The development cost approximately $56 million. More than $21 million came from low-income housing tax credit equity, and an additional $28 million came from tax-exempt bonds from the Virginia Housing Development Authority.
Norfolk’s low elevation and proximity to tidal waterways have always made the city vulnerable to storm and tidal flooding. Over time, major storms have become increasingly frequent, sea levels have risen, and portions of the shoreline have subsided. Recognizing that climate change was threatening the city’s economy and public safety, community leaders developed the Norfolk Resilience Strategy in 2014 to guide the development of a sustainable coastal city of the future. Some of the policy concepts outlined in the strategy are being implemented through new development standards.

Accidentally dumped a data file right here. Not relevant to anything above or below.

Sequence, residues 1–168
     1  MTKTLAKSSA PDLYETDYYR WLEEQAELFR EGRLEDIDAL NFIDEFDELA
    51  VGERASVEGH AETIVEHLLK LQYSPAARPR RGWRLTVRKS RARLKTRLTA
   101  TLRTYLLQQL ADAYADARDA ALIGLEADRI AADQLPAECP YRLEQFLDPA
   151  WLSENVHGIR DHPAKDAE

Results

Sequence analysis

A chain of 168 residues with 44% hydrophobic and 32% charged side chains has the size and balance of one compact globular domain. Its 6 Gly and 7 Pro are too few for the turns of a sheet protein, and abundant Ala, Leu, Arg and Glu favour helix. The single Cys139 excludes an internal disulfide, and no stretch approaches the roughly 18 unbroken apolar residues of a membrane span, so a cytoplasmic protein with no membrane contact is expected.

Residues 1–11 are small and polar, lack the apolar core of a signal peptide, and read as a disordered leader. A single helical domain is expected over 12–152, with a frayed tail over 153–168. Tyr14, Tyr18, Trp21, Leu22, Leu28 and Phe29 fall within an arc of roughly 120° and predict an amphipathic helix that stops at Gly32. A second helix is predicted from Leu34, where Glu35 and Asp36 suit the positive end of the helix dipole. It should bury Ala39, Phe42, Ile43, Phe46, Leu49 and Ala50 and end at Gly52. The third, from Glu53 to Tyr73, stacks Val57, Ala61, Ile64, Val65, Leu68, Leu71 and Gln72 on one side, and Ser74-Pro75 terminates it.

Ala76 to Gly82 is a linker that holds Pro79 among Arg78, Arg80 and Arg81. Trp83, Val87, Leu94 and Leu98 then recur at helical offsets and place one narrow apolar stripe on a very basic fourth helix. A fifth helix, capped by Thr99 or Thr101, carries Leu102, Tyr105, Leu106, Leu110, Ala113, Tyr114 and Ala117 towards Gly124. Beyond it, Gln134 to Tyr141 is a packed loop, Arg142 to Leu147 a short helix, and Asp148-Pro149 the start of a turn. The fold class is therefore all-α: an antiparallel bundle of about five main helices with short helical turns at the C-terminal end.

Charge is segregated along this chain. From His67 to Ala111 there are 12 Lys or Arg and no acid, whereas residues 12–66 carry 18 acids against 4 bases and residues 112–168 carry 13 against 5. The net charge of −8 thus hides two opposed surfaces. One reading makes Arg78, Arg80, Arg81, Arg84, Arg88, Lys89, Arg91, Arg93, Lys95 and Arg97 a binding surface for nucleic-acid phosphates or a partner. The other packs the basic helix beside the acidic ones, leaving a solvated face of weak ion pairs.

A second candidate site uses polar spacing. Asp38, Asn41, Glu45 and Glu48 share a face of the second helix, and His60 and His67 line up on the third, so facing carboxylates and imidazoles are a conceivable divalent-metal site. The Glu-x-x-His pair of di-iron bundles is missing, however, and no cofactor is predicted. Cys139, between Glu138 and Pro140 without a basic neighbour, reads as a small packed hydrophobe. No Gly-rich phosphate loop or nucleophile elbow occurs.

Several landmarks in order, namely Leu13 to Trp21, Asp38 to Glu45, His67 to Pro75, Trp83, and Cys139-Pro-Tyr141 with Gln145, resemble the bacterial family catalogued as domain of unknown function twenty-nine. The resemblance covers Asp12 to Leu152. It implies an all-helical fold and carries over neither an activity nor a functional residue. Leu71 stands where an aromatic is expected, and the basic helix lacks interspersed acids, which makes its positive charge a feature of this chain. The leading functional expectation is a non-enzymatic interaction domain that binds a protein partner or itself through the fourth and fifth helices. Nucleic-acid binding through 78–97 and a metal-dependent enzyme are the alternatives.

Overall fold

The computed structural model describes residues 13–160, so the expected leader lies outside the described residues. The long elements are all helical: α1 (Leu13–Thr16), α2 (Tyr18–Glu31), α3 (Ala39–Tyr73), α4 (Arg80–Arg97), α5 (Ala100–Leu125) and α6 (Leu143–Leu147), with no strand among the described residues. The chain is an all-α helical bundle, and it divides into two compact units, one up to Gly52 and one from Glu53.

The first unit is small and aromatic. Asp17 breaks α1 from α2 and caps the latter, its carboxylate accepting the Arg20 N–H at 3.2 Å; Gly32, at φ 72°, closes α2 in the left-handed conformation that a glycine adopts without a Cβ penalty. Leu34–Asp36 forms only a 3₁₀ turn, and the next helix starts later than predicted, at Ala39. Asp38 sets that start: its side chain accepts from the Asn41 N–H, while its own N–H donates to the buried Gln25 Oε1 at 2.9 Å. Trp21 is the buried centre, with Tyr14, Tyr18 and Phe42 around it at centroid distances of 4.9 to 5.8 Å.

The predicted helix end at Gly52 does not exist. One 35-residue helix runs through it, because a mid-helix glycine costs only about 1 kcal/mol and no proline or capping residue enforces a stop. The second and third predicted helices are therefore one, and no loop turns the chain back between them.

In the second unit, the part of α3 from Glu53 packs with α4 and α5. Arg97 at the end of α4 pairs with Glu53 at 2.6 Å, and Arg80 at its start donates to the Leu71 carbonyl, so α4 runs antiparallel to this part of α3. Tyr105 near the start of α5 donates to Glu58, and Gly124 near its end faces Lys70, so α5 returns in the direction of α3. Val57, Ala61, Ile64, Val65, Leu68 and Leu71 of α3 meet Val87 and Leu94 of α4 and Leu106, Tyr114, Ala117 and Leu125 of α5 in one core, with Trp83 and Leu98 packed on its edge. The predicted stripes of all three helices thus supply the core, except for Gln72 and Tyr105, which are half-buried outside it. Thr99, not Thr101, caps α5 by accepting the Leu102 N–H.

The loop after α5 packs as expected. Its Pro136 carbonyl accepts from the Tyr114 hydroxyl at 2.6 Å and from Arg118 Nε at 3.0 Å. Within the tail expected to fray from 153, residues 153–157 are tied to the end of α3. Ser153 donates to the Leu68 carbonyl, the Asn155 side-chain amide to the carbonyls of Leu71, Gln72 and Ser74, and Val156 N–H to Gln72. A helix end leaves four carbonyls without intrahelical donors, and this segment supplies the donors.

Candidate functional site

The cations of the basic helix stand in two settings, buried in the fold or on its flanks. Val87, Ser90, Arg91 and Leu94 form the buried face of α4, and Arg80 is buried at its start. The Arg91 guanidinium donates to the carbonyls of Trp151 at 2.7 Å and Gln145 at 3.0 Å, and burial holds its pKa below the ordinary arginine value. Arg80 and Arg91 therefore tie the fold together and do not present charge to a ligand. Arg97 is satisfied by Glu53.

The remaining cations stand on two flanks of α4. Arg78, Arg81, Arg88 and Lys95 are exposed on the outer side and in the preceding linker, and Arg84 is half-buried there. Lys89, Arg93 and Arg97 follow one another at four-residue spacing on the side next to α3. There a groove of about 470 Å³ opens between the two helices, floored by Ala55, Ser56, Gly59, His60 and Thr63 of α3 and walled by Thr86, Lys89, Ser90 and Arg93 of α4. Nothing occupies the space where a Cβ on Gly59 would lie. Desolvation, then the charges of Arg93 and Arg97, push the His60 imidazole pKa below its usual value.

The Retreat incorporates many of the practices that emerged from the coastal resilience planning effort. Most notably, the developer raised portions of the site with up to 6 feet of fill to meet or exceed the city’s base flood elevation requirements. The project also incorporated extensive measures to protect nearby wetlands and restore the shoreline. In collaboration with the city’s environmental services department, the team removed sediment and debris from the bottom of the adjacent Elizabeth River, installed more than 800 wick drains to dry the soil, installed a pile foundation system to ensure structural stability, and added riprap along the riverbank to prevent erosion, in accordance with the resilience strategy's goals. The developer also installed oyster castles under the boardwalk to take advantage of the oysters’ ability to cleanse the river. Lawson has organized multiple waterfront cleanup efforts with support from the city’s Keep Norfolk Beautiful program, which has provided supplies and loaned tools. With the help of resident and employee volunteers, Lawson has removed nearly 3,500 pounds of trash and debris from the riverfront. The Elizabeth River Project recognized the Retreat as a River Star Business for its conservation and cleanup efforts.